The Original Five Factor:Threat of New Entrants - The easier it is for new companies to enter the industry, the more cut-throat competition there will be. Factors that can limit the threat of new entrants are known as barriers to entry. Some examples include:Existing loyalty to major brandsIncentives for using a particular buyer (such as frequent shopper programs)High fixed costsScarcity of resourcesGovernment restrictions or legislationEntry protection (patents, rights, etc.)Economies of product differencesBrand equitySwitching costs or sunk costsCapital requirementsAccess to distributionAbsolute cost advantagesLearning curve advantagesExpected retaliation by incumbents
Competition in the real world<br />Presented by:<br />65- Mukul<br />75- PrashantVerma<br />85- SalmanAzizi<br />95- ShakeelSiddique<br />105- Tahaa Lokhandwala<br />115- Yusuf<br />
Competition in economics is a term that encompasses the notion of individuals and firms striving for a greater share of a market to sell or buy goods and services<br />What is competition ?<br />
Types of competition<br /> Monopoly - A situation in which a single company owns all or nearly all of the market for a given type of product or services<br />Oligopoly - An oligopoly is a market form in which a market or industry is dominated by a small number of sellers<br />Perfect Competition - In economic theory, perfect competition describes markets such that no participants are large enough to have the market power or price of a homogeneous product<br />
Leading authority on company strategy and the competitiveness<br />Developed a 5 force model for industry analysis & business strategy<br />It focuses on the forces close to the co. that hampers its customer service & profit<br />Michael Porter<br />
Threat of New Entrants <br />Existing loyalty to major brands<br />Incentives for using a particular buyer<br />High fixed costs<br />Scarcity of resources<br />Brand equity<br />Capital requirements<br />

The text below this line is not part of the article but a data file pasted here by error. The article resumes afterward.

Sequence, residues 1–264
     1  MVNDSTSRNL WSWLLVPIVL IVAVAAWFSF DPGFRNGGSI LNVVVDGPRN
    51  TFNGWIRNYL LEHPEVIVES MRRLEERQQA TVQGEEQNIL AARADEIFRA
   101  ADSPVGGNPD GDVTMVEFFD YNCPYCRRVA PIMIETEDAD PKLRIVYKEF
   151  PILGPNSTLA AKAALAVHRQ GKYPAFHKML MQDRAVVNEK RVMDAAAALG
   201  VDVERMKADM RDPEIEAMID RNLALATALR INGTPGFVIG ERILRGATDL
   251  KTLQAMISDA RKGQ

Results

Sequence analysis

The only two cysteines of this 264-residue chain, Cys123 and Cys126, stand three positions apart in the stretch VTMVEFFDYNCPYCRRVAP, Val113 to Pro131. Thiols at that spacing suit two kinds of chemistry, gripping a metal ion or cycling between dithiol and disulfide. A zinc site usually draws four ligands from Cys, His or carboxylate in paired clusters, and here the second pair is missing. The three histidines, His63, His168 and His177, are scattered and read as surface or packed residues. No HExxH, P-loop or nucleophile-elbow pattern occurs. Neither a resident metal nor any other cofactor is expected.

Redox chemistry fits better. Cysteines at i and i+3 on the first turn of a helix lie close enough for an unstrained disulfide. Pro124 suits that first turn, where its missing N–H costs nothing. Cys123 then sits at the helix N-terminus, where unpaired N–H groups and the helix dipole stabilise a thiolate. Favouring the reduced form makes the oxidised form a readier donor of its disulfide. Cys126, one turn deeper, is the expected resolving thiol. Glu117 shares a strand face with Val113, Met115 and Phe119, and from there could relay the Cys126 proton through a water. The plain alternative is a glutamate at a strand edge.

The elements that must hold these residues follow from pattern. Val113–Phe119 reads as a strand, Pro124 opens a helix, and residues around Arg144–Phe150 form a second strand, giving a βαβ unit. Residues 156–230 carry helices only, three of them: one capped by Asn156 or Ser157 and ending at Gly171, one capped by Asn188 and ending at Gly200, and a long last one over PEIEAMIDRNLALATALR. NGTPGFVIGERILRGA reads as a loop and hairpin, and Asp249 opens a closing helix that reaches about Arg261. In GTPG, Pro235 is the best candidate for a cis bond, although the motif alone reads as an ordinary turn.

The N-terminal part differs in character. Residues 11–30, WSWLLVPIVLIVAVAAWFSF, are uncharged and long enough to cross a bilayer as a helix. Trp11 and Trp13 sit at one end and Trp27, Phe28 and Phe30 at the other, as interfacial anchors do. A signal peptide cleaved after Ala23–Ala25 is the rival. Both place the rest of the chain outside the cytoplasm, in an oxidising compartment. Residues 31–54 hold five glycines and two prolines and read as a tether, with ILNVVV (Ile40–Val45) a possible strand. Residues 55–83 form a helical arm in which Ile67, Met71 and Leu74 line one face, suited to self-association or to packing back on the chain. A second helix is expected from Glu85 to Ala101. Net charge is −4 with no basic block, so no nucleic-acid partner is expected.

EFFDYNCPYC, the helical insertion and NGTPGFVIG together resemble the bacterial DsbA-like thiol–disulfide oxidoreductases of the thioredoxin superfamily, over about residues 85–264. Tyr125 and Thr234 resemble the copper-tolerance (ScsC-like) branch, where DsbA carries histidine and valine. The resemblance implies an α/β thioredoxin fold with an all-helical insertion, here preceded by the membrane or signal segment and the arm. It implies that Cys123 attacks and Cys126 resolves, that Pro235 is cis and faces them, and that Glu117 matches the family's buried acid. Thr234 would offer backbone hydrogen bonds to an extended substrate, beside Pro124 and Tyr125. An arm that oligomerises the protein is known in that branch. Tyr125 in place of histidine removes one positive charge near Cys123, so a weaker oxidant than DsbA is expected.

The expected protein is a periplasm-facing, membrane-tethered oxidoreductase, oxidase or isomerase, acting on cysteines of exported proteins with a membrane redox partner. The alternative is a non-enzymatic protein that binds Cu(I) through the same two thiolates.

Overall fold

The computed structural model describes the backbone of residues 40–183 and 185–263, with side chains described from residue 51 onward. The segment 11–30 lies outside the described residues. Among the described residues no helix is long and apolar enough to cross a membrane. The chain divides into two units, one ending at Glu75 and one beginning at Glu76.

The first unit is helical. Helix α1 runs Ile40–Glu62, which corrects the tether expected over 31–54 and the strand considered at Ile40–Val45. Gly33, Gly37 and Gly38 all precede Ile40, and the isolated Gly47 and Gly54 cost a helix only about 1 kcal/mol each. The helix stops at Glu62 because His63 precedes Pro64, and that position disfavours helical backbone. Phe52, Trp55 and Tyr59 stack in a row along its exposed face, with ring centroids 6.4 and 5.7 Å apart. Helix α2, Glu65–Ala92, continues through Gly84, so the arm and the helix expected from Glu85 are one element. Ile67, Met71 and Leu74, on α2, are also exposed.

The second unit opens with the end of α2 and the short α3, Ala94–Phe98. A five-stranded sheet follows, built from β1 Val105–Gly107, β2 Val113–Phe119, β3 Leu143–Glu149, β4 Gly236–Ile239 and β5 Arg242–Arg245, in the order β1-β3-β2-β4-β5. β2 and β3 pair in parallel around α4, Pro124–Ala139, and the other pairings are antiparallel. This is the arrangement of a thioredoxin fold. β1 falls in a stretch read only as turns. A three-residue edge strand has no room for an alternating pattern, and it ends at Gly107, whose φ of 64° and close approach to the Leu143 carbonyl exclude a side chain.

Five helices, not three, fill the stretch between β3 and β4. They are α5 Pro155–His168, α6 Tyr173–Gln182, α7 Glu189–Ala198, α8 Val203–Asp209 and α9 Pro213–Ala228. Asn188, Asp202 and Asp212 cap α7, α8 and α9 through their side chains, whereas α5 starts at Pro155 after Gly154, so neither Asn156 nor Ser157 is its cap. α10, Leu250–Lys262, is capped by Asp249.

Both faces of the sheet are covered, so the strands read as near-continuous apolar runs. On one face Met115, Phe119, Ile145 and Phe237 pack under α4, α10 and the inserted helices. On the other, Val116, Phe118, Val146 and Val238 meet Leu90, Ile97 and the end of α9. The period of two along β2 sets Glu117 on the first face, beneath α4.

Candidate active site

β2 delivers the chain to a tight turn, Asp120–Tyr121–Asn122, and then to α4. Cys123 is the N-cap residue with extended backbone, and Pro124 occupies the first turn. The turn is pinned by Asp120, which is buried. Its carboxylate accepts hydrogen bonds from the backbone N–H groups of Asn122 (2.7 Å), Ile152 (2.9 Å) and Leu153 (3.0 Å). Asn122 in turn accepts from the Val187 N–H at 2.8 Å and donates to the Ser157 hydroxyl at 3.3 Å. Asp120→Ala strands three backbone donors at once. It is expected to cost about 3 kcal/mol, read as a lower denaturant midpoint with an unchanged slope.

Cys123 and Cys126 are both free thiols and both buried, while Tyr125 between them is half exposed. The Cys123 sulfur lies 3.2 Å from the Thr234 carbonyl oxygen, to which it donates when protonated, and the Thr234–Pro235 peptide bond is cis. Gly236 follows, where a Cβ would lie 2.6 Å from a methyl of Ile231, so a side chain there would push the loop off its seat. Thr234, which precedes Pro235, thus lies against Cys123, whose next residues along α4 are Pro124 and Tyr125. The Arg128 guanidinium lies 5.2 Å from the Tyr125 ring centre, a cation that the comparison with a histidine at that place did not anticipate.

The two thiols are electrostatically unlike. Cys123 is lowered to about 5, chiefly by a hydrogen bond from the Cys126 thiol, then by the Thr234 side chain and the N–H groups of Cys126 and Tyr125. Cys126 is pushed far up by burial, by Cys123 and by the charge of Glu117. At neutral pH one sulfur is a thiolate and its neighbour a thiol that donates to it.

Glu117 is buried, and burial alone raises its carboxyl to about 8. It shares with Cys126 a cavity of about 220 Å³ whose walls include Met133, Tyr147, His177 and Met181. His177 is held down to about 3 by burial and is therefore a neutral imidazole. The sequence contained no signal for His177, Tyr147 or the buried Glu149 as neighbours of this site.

Power of Suppliers<br />There are very few suppliers of a particular product<br />There are no substitutes<br />The product is extremely important to the buyer, they cannot do without it<br />The supplying industry has a higher profitability than the buying industry<br />Threat of forward integration by suppliers relative to the threat of backward integration by firms<br />
Small number of buyers<br />Purchases of large volumes<br />Switching to another (competitive) product is simple<br />The product is not extremely important to the buyer, they can do without it for a period of time.<br />Customers are price sensitive<br />Power of Buyers/ Customers<br />
Buyer propensity to substitute<br />Relative price performance of substitutes<br />Buyer switching costs<br />Perceived level of product differentiation<br />Fad and fashion<br />Technology change and product innovation<br />Availability of Substitutes<br />
PURE AND PERFECT COMPITITION<br /><ul><li>SALIENT FEATURES
Large numbers of undifferentiated buyers and sellers.
Each competitor offers or seeks exactly a similar things as do </li></ul> the others.<br /><ul><li>Commodity bought and sold is well organized.
There are many competitors acting independently.
Market price must be flexible over a period of time.
No obstacle to the entry or withdrawal of the firms.
No patents ,proprietary designs or special skills. </li></li></ul><li>GOVERNMENT INTERVENTION IN PRICE FIXING<br />Attempts to fix prices above an equilibrium level<br /><ul><li>Minimum wage legislation and price support policies.</li></ul>Set maximum prices below equilibrium level.<br />
EFFECTS OF TIME UPON SUPPLY<br /><ul><li>Important to discuss supply change overtime.
Long period</li></li></ul><li>THE FIRM IN PURE COMPETITION<br /><ul><li>Firm has to production and sales policies to the given market price.
In pure competition marginal revenue = average revenue.
Greater the quantity sold greater the revenue .</li></li></ul><li>THE FIRM AND SHUTDOWN POINT<br /><ul><li>At any price lower than the lowest variable cost per unit , the firm will have to shut down
Decision to operate at loss or shut down and why should continue in losses?
Price = average variable cost - just recovery of total variable cost</li></ul> shut down<br /><ul><li>Price < average variable - fail to recover its variable cost – </li></ul> shut down<br />